3.2 Results and discussion

As intended, the matte packaging was perceived as significantly less glossy than the glossy packaging (Mmatte = 6.83, SD = 0.60 vs. Mglossy = 1.24, SD = 0.60; t(134) = − 54.42, p < .001, d = − 9.40).

A 2 × 2 ANOVA yielded a main effect of packaging surface on perceived naturalness of the product (Fsurface(1132) = 26.71, p < .001, η2 = .17). The product in the matte packaging was perceived to be more natural (Mmatte = 4.52, SD = 1.27 vs. Mglossy = 3.43, SD = 1.16) (see Table 1 for all means). There was neither a significant effect of type of inspection (Finspection(1,132) = 0.04, p = .851) nor an interaction effect (Finteraction(1,132) = 0.94, p = .334). The main effect of packaging surface remained highly significant (F(1,132) = 35.32, p < .001, η2 = .21) when we controlled for quality perception as a covariate (p < .001).
Table 1

Means across conditions for all studies

Study 1

  Surface

 

Glossy

Matte

  Inspection

 

No touch

Touch

No touch

Touch

  Perceived naturalness

M

3.52a

3.35a

4.39b

4.64b

SD

1.25

1.09

1.14

1.39

  Expected tastiness

M

4.18a,b

3.95a

4.27a,b

4.67b

SD

1.24

1.22

0.98

1.29

Study 2a

  Surface

 

Glossy

Matte

  Category

 

Soda

Tea

Soda

Tea

  Perceived naturalness

M

2.34c

3.45a

2.84b,c

3.23a,b

SD

1.29

1.43

1.32

1.48

  Expected tastiness

M

3.93a

4.69b

4.33a,b

4.76b

SD

1.57

1.47

1.49

1.42

  Purchase intention

M

2.64b

3.19a,b

2.84b

3.48a

SD

1.53

1.74

1.47

1.79

Study 2b

  Surface

 

Glossy

Matte

  Claim

 

Control

Natural

Control

Natural

  Perceived naturalness

M

46.24a

71.35b

59.39c

70.77b

SD

22.17

24.80

20.89

22.92

  Expected tastiness

M

4.29a

4.37a

4.33a

4.61a

SD

1.46

1.47

1.44

1.53

  Purchase intention

M

4.04a

3.98a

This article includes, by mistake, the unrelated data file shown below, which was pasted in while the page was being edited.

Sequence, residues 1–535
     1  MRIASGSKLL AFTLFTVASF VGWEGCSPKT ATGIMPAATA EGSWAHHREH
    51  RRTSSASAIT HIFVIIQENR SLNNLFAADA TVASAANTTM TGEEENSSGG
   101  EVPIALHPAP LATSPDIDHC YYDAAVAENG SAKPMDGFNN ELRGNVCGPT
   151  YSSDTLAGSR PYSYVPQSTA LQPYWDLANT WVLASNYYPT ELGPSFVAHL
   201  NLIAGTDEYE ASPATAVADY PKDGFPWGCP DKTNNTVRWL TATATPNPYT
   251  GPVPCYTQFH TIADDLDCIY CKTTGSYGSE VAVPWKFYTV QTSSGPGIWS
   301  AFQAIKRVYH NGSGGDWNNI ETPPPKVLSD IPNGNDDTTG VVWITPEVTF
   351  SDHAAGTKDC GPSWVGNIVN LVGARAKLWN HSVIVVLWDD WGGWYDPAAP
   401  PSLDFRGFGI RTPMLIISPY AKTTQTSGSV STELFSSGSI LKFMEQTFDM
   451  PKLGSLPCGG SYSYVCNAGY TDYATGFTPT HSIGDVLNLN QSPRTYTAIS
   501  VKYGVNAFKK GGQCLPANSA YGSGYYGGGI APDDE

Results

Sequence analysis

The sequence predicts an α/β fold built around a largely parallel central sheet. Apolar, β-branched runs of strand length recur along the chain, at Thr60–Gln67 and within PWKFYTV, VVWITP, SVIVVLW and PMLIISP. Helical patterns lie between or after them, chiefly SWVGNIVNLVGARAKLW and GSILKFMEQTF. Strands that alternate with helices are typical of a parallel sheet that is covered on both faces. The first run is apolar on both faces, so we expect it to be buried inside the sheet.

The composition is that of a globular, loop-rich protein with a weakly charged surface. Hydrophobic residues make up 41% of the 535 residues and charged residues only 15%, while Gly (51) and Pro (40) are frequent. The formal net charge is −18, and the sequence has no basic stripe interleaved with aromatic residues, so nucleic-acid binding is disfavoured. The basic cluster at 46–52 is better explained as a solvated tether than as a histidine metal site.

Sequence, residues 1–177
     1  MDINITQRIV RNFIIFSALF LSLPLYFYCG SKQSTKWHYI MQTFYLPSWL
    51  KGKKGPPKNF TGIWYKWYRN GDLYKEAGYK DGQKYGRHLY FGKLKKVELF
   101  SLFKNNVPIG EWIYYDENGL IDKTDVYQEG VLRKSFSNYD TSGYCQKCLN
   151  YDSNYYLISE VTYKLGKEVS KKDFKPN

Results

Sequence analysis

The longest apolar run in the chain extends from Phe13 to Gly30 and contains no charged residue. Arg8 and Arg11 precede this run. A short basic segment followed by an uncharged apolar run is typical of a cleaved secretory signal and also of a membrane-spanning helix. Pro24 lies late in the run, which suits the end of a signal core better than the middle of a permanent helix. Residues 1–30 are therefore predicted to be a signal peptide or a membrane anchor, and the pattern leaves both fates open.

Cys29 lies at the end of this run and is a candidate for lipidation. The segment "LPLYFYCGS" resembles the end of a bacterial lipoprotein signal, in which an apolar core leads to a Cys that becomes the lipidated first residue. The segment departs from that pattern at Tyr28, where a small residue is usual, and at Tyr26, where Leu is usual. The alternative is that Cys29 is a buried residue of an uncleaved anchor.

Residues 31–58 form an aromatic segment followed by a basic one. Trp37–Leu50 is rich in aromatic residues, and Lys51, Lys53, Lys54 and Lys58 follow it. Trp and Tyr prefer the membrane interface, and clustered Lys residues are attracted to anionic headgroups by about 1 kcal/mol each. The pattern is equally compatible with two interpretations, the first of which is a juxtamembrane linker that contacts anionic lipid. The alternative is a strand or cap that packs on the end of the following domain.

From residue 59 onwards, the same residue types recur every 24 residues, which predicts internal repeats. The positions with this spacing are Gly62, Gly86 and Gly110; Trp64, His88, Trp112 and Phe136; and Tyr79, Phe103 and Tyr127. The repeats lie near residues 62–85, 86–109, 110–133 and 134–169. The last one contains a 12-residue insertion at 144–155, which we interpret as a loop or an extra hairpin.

4.00a

4.27a

SD

1.63

1.90

1.59

1.52

Different letters indicate significant differences between groups

Next, we tested for tastiness as a potential downstream consequence of the effect of surface on perceived naturalness. We conducted mediation analysis with bootstrapping using PROCESS Model 4 (Hayes 2013). Perceived product naturalness mediated the effect of packaging surface on expected tastiness (indirect effect: CI95 [0.36, 0.98]). There was no additional direct effect of surface on tastiness (CI95 [− 0.59, 0.12]).

These results suggest that matte packaging acts as a naturalness cue. The ketchup in matte packaging was perceived as more natural when compared to the same product in glossy packaging. This effect arose independent of haptic product inspection and of differences in perceived product quality. Moreover, the increase in perceived product naturalness resulted in an increase in expected tastiness. Notably, we found this in the context of a rather artificial category of food.

4 Study 2a

Our main aim in study 2a was to investigate whether the effect of matte packaging on perceived food naturalness extends to food that is not perceived as artificial. Consequently, we varied packaging surface and the naturalness of the product category. To generalize the results of study 1, we extended the investigation to a new product category (bottled drinks) and to another relevant product inspection context. Both glossy and matte packages were visible but participants only focused on one of them.